When we want to make a change in our life, our first inclination is usually to think big changes: running every day, saving half of our income, or initiating a major career switch. Sometimes, we do need to go big or go home, but more often than not we can create significant results—in our health, our financial life, our careers, and more—by making small, simple, and even less obvious, changes.
By collectively nudging our behavior and actions in the right direction, a happier and healthier planet is possible for us all. Together, we can stack up a bunch of seemingly tiny actions for some serious environmental impact.
“In a gentle way, you can shake the world.” - Mahatma Gandhi
So, with that in mind, we compiled five simple yet unexpected—and even fun—ways that you can vote for the planet today.
1. Ditch fast fashion.
In the last few years, the fashion industry has been getting a, perhaps justified, bad wrap for the greenhouse gas emissions (more than the shipping and aviation industries combined), pollution, and waste that it generates, which largely ends up in a landfill. The good news? You’ve got some oh-so-stylish options for clothing companies—such as theReformation and Everlane—that are doing things differently. The Reformation makes its clothes from deadstock fabric (leftover fabric usually destined for the landfill) or sustainably sourced materials. Its “RefRecycling” program encourages customers to send in their clothes for repurposing. Everlane is on a mission to make denim more sustainable and has partnered with a factory in Vietnam that recycles 98% of the water and turns denim byproduct into bricks that are used to build homes for those in need.
The next time you need to fill a hole in your wardrobe, think twice about fast fashion and opt for clothing from sustainably-focused fashion companies instead.
2. Pledge to #StopSucking.
You’ve likely heard of the Great Pacific Garbage Patch, an “island” of microplastics the size of Texas in between Hawaii and California. Although National Geographic recently reported that abandoned fishing gear is a major contributor, consumer plastics such as water bottles and straws play a role, too. And, whether it ends up in the Great Pacific Garbage Patch or not, we humans discard 28 billion pounds of plastic into the ocean year each. Here’s another staggering stat: In the U.S. alone, we use 500 million plastic straws each day.
The Lonely Whale’s Strawless Ocean campaign challenges you to #stopsucking and go either strawless or choose an alternative straw.
3. Go to a Jack Johnson concert.
Last year, musician Jack Johnson told Billboard, “[As] someone who grew up surfing and loving the ocean so much all the time, and seeing the amount of plastic growing and growing, the older I get, the more I feel I need to make sure that I'm at least addressing that issue.” Address the issue he has—and continues to do so.
Starting in 2008, all of his tour profits have gone to support the Johnson Ohana Foundation dedicated to environmental, art, and music education. In 2015, Johnson was named a United Nations Environmental Programme Goodwill Ambassador. He and his wife, Kim, also started the Kokua Hawaii Foundation, which, among other things, focuses on reducing the use of plastics in Hawaii through its Plastic-Free Hawaii campaign.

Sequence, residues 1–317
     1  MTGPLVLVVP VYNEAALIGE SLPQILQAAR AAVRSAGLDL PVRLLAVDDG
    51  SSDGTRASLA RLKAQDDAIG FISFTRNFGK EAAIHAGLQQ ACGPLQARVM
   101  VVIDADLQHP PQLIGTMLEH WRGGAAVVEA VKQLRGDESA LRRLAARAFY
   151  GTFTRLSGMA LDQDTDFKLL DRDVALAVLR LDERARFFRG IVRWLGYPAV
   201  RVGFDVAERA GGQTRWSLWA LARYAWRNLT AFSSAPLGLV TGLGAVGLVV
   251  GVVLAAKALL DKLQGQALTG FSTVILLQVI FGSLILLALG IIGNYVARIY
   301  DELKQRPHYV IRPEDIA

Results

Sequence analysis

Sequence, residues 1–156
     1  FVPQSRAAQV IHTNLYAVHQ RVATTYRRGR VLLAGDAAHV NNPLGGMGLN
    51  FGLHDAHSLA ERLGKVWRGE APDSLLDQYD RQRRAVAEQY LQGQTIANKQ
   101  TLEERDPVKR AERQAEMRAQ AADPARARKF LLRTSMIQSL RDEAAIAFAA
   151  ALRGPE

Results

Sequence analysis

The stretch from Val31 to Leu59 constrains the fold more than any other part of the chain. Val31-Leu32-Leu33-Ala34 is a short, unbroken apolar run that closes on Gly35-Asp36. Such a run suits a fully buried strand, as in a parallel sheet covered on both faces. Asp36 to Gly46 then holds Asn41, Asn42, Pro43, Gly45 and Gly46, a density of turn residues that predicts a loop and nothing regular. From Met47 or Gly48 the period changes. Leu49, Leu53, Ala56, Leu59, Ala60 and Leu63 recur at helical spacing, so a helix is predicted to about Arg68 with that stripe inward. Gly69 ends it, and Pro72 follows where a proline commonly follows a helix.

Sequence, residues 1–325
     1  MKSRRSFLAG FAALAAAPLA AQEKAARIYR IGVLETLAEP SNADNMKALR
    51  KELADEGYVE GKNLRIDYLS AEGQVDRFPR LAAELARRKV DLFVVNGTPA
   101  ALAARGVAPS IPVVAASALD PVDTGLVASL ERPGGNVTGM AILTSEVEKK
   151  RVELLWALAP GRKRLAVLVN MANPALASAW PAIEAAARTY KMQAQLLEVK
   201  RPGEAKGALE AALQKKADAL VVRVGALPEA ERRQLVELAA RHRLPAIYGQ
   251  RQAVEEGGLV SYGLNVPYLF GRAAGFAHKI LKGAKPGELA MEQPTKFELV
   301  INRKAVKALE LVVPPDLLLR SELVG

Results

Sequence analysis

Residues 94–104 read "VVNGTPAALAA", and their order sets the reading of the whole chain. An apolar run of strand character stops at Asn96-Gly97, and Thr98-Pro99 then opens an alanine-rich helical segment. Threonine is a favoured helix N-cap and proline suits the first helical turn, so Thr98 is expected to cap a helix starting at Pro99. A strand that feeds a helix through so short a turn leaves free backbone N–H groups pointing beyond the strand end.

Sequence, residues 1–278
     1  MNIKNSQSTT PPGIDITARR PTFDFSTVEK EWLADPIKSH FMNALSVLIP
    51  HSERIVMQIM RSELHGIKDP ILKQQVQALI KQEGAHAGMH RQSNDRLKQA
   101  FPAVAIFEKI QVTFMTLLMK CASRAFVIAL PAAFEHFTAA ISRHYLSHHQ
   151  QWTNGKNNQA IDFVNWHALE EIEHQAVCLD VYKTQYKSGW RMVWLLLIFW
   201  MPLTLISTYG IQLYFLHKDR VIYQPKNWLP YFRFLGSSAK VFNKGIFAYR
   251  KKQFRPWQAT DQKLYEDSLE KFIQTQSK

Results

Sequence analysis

Johnson’s environmentalism also plays out through his music, too, as evidenced in the music video for “You Can’t Control It” on his All The Light Above It Too album that was released last year.
Johnson is headed out on tour at the end of April through August. Grab a ticket, enjoy the music, and know that you’re doing something good for the environment.
4. Buy (sustainably) farmed fish.
According to the World Wildlife Fund, more than 3 billion people get at least 20 percent of their animal protein from fish. With current demand, more than 70 percent of wild fish stocks are almost or fully exploited. Given that the world population is expected to increase to more than 9 billion people by 2050, wild fish won’t be able to support increasing demand alone.
Enter: Sustainably farmed fish. Aquaculture—the practices of farming fish and other water-based plants and animals—is understood to be the most efficient form of animal protein production in terms of resources required to produce one pound of meat. And, when done well, using good farming and operational practices, it can have a very minimal impact on its environment.
For future fish-eating decisions, consider fish that has been farmed sustainably. Consult Monterey Bay Aquarium’s Seafood Watch (download the mobile app for easy use on the go) to find out what farmed fish are better choices than others.
5. Read Silent Spring.
Sometimes, in order to move forward we need to first understand how far we’ve come, and Rachel Carson’s Silent Spring, published in 1962, is credited with spurring the modern-day environmental movement. As The New Yorker writes in a recent essay about Carson’s writing about the sea, the book—which documented the adverse effects of uncontrolled use of pesticides on the environment:
“It provoked the passage of the Clean Air Act (1963), the Wilderness Act (1964), the National Environmental Policy Act (1969), the Clean Water Act and the Endangered Species Act (both 1972); and led to the establishment of the Environmental Protection Agency, in 1970.”
Pick up a copy of the now-classic Silent Spring or the recently released collection Rachel Carson: Silent Spring & Other Writings on the Environment. (Take it one step further and purchase it used.)
Should we all drive hybrid cars, aspire to zero-waste living, stop using any form of plastic, and eat a plant-based diet? Of course! Baby steps. Small changes add up, so let’s get started.